## Introduction

Before you read this, you should already have read the articles on Injector Theory and Speed-Density.  This article will not make much sense without the background information in those articles.

First, vocabulary:

• ECM, ECU, Engine computer : used interchangeably to mean the computer operating the fuel injectors and running the engine
• RPM : Revolutions Per Minute – how fast the motor is spinning
• MAP : Manifold Absolute Pressure – (usually) the pressure of air entering the motor
• ECT : Engine Coolant Temperature sensor – sensor used to measure the temperature of coolant circulating through a motor.  Sometimes called different things by different manufacturers.  I will use ECT here
• IAT : Intake Air Temperature sensor – sensor used to measure the temperature of air entering the motor.  Sometimes called different things by different manufacturers.  I will use IAT here.
• Displacement : the volume swept by a piston descending from the top to the bottom of the cylinder bore.  More here.
• AFR : Air Fuel Ratio – the ratio of air to fuel present in a combustible mixture.  Usually stated as a ratio, i.e. 14.7:1 for the stoichiometric AFR for gasoline.  Stoichiometric AFR varies from fuel to fuel.
• Lambda : similar to AFR, except usually expressed as a number where 1.0 represents a stoichiometric mixture for all fuels.  Lambda and AFR are the same concept expressed in different units.
• Stoichiometric : a mixture containing the precise amount of oxidants required for complete combustion of all fuel present.  See here or here for more information on chemistry involved.
• Ideal Gas Law : PV= nRT (Pressure times Volume equals moles of gas times ideal gas constant times temperature)  More to be read about this here.
• Moles : a measure of how many atoms are present.  See here.
• Induction stoke :  the part of a 4-stroke engine’s cycle in which air is drawn into the cylinder by the piston.  See here for more information if you are not familiar with a 4 stroke engine’s operation.

Many ECMs (particularly older ones) use extremely slow processors to run an engine, especially by today’s standards.  In addition to doing all the math required by Speed-Density to calculate airflow, the processor often has many other extremely timing or IO-intensive tasks, such as processing crank and cam sensor inputs, firing spark plugs and firing injectors.  Additionally, most of these processors lacked floating-point units (short explanation: pieces of a chip that understand what fractions and decimals are) limiting their ability to accurately represent a model that involved lots of numbers with a fractional component.   Bottom line: engineers had to come up with ways to simplify and speed up the math involved in speed density in order to get older, slower, cheap microcontrollers to be able to run an engine.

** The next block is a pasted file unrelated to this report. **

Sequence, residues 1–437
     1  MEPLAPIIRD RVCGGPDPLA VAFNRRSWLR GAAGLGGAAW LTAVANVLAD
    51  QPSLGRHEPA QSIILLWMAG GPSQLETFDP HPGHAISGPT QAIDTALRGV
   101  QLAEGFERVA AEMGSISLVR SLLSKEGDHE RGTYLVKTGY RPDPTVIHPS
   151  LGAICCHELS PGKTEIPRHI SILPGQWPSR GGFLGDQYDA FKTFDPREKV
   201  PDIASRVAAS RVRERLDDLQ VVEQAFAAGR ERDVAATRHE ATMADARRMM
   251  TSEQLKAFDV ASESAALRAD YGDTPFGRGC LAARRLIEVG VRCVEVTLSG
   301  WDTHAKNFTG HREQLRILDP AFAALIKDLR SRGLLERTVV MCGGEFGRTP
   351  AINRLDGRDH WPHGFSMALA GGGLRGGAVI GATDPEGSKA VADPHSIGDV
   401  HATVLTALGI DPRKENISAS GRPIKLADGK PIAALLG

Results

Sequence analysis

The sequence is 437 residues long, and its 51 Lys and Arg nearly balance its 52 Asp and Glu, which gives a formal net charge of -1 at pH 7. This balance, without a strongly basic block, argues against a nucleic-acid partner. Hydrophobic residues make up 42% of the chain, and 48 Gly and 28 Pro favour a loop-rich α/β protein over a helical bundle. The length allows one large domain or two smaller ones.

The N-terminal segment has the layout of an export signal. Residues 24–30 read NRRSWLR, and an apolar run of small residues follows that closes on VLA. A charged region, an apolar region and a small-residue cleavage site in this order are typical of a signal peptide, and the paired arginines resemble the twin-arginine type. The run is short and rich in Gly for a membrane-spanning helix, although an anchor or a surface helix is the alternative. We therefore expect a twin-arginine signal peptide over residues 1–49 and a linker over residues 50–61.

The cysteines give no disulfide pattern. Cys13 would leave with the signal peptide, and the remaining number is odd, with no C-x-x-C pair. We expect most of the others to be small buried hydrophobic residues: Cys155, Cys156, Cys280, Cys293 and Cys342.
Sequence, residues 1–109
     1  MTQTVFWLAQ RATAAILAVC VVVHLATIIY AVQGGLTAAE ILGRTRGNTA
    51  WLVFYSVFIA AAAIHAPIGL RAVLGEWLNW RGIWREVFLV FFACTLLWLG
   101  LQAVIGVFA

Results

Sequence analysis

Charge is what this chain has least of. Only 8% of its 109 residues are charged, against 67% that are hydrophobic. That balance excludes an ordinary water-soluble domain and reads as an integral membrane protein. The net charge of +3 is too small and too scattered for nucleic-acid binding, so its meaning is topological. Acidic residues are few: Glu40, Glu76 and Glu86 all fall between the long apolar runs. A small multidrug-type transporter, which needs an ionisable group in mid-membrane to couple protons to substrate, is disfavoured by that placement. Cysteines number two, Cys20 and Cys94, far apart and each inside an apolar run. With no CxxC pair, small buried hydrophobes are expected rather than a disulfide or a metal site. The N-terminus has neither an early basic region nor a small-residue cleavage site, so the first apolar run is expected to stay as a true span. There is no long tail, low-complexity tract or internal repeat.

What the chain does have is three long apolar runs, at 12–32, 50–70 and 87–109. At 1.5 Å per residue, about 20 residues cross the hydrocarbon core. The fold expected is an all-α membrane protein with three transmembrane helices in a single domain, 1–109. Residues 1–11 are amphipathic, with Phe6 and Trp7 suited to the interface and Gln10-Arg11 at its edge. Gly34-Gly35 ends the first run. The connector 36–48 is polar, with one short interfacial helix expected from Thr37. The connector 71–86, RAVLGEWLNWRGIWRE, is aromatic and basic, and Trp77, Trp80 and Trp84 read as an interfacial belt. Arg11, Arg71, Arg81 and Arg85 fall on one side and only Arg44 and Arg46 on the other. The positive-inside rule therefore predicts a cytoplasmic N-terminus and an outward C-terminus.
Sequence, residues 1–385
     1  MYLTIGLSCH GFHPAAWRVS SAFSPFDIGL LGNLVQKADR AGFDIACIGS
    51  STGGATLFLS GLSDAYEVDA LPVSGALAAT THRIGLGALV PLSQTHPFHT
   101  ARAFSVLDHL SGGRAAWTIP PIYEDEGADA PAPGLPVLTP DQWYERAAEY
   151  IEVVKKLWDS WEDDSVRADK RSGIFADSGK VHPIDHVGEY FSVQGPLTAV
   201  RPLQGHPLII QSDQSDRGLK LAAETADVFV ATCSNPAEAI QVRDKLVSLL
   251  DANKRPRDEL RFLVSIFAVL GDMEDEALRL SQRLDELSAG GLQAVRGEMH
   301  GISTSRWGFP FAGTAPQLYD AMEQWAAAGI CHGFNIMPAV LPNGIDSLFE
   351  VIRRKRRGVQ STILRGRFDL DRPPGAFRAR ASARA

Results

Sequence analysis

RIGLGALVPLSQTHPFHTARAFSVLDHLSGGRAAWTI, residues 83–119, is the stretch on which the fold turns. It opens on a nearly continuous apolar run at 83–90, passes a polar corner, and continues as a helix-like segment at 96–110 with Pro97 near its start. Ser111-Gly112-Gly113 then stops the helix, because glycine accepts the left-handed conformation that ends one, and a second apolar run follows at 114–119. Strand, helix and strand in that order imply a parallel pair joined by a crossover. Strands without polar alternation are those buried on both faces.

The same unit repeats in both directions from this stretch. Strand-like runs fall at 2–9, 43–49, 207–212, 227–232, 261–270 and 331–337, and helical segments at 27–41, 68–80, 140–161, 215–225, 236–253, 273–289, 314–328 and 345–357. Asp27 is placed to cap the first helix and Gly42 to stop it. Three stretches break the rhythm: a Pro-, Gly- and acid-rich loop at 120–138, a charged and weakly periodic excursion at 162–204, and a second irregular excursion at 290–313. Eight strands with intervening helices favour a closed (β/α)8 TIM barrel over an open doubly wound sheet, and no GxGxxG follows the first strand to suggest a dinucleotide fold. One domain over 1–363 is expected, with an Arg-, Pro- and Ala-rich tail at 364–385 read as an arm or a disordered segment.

Obviously, different manufacturers implement things differently.  In the remainder of this article, we are going to explore briefly how Honda and GM simplified the ideal speed density system to make it more practical to implement on cheap hardware.

## GM: Base Pulse Width (BPW)

Ideally, n = PV /RT and then injector pulse = n / injector flow constant

GM introduce the concept of “Base Pulse Width” or BPW to reduce the “V” and “R” terms.  Basically, the BPW is how long the injectors need to be open in order to fill cylinders at 100% volumetric efficiency at a standardized temperature.  The BPW is then multiplied by the Volumetric Efficiency table (which is no longer a VE table in the ideal sense of the word) to determine fueling at different load and RPM conditions.  This is then modified further by coolant and intake air correction tables to account for temperature.  This cuts the number of math operations more or less in half.  The idea behind Speed-Density is being applied in a way that is less math-intensive.

## Honda: Required Fuel Value (ReqFuel)

Ideally, n = PV /RT and then injector pulse = n / injector flow constant

Honda took a different approach to the problem of simplifying Speed-Density.  Basically, the MAP sensor and RPM values measured by the ECU are used to index a LUT that contains (more or less) a desired fueling value.  Looking at the math above, Honda essentially pulls the final desired injector pulse (n / injector flow constant) out of a table.  This required fueling value is then scaled by various tables indexed by ECT and IAT which attempt to correct for variations in air temperature.  Honda reduces about half a dozen math operations to one table lookup and a couple of additional easy math operations.  Again, the principles of Speed-Density are being applied in a non-ideal way that attempts to capture what is going on in a way that is fast to implement on slow chips.